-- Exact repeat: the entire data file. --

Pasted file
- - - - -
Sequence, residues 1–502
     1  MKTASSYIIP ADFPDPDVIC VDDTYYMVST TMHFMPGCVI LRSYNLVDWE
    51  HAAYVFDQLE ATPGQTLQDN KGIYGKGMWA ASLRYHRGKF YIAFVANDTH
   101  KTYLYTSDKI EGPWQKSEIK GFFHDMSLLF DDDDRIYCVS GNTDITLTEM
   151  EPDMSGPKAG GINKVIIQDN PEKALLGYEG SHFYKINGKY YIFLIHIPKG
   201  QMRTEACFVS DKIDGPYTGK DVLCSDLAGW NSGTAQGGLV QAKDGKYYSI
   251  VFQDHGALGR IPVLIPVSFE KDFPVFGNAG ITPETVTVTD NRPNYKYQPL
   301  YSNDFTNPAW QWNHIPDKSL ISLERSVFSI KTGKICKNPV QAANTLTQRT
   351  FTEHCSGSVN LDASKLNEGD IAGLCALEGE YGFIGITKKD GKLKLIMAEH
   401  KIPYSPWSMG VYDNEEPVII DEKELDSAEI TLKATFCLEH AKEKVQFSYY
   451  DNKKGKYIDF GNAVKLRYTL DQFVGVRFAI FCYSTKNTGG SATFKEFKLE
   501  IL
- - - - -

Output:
Sequence, residues 1–502
     1  MKTASSYIIP ADFPDPDVIC VDDTYYMVST TMHFMPGCVI LRSYNLVDWE
    51  HAAYVFDQLE ATPGQTLQDN KGIYGKGMWA ASLRYHRGKF YIAFVANDTH
   101  KTYLYTSDKI EGPWQKSEIK GFFHDMSLLF DDDDRIYCVS GNTDITLTEM
   151  EPDMSGPKAG GINKVIIQDN PEKALLGYEG SHFYKINGKY YIFLIHIPKG
   201  QMRTEACFVS DKIDGPYTGK DVLCSDLAGW NSGTAQGGLV QAKDGKYYSI
   251  VFQDHGALGR IPVLIPVSFE KDFPVFGNAG ITPETVTVTD NRPNYKYQPL
   301  YSNDFTNPAW QWNHIPDKSL ISLERSVFSI KTGKICKNPV QAANTLTQRT
   351  FTEHCSGSVN LDASKLNEGD IAGLCALEGE YGFIGITKKD GKLKLIMAEH
   401  KIPYSPWSMG VYDNEEPVII DEKELDSAEI TLKATFCLEH AKEKVQFSYY
   451  DNKKGKYIDF GNAVKLRYTL DQFVGVRFAI FCYSTKNTGG SATFKEFKLE
   501  IL